What Face Transplants Can, Can't Do
Woman Mauled by Chimp Latest in Growing Number of Face Transplants
When Face Transplant Is an Option continued...
"Like all transplants, a face can be rejected, and this can happen any time: three, five, even 20 years later," Siemionow says. "This is very important when accepting patients, to check if they have enough normal skin and muscle and bone in their body so we can cover their face, maybe not perfectly but enough to save their lives, if the transplanted face rejects."
Another issue is psychological. A person's face is, after all, a person's identity. There are very complex emotional decisions a patient must face, Girotto says.
"Getting a new face to replace your disfigured one seems easy, right? But it is not your face that you get," he notes. "The vast majority of interactions with people around you involve your face and facial expression. When that is taken away, your interaction with people outside your house is extremely limited. Then when you have a transplant, when tissues of someone else's face are applied to you, you are truly a new person. You are not back to the person you were before your injury."
Another issue is maintaining the transplant. Anti-rejection medications must be taken every day at the prescribed time, and the transplant must be constantly inspected for signs of rejection. Moreover, nerves and muscles don't grow back correctly unless the patient constantly exercises his or her facial muscles as part of rehabilitation therapy.
But Siemionow says most face transplant recipients accept the downsides of the procedure.
"At least from reports we get, most transplant patients are happy to get back a normal human face," she says. "They are happy when they wake in the morning that they can feel a nose instead of a hole."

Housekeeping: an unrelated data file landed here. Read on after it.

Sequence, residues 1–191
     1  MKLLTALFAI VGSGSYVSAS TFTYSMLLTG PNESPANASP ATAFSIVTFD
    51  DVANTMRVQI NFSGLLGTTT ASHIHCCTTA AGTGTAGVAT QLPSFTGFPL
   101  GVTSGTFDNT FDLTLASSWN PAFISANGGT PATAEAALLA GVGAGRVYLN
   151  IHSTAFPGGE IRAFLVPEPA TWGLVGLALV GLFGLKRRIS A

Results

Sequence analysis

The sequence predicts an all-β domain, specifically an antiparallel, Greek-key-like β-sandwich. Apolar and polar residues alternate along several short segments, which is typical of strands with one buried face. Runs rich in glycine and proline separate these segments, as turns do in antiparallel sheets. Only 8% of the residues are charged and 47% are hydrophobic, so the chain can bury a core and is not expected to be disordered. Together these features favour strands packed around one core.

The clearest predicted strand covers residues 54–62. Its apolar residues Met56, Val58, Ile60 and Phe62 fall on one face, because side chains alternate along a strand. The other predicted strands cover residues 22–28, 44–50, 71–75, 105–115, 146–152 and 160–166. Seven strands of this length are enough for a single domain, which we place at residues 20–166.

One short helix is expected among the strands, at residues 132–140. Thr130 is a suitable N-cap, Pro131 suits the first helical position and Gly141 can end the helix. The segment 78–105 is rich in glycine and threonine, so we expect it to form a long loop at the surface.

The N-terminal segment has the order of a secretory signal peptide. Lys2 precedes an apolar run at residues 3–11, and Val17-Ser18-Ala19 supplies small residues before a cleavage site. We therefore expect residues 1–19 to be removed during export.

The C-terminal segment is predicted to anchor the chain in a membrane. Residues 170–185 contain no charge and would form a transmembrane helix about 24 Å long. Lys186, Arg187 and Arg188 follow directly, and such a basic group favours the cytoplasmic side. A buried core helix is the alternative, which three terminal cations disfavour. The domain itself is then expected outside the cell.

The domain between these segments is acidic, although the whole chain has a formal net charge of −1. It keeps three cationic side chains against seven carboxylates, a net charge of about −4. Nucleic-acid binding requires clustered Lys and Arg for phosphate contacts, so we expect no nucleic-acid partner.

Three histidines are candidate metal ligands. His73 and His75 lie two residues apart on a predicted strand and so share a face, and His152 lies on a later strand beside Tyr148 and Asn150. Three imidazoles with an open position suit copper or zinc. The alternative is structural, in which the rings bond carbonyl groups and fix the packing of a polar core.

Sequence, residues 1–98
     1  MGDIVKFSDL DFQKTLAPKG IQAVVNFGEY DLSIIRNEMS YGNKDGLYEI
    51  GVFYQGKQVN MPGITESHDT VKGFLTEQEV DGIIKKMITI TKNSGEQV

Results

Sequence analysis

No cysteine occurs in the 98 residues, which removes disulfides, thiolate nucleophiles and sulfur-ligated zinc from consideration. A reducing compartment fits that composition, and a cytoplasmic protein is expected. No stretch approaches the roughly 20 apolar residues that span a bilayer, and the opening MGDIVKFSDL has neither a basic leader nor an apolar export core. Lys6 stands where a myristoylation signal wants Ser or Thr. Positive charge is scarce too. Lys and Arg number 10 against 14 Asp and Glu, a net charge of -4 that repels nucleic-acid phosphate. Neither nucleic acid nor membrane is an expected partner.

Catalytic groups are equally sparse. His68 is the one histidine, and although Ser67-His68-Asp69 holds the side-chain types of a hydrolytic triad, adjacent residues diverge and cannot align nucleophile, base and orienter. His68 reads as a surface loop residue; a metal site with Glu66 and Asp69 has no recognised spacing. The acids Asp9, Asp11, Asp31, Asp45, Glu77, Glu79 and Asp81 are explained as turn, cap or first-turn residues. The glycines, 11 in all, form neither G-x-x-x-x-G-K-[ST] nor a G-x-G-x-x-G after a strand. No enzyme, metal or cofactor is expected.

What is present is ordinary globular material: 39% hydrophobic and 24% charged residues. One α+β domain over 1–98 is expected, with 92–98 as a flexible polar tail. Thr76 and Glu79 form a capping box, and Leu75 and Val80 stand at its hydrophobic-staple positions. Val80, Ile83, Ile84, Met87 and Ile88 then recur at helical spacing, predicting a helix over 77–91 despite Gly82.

But for an operation performed on people whose lives are not in danger, it's an extremely high-risk procedure. Of the 17 patients known to have received face transplants, Siemionow says, two have died.
Balancing the risk are substantial potential rewards.
"Our patient, Connie Culp, before transplant did not have a nose so she was breathing through a tube in her neck. She did not have a palate, so she could not eat solid foods and used a feeding tube in her abdomen. She could not smell. She could not smile," Siemionow says. "But after transplant she can breathe through her new nose and also speak intelligibly and eat with the return of a normal palate. She actually is smiling, she is kissing her grandchild, she can make funny faces. It is amazing how great is her functional recovery."
What Happens During a Face Transplant
Exactly what gets transplanted from the donor to the recipient during a face transplant depends on the needs of an individual patient. Technically, the face extends from the bottom of the eyes to below the chin. The brow is not transplanted, as it is part of the skull and has a different blood supply than the lower face. Eyes are not transplanted, either, although eyelids may be part of a face transplant.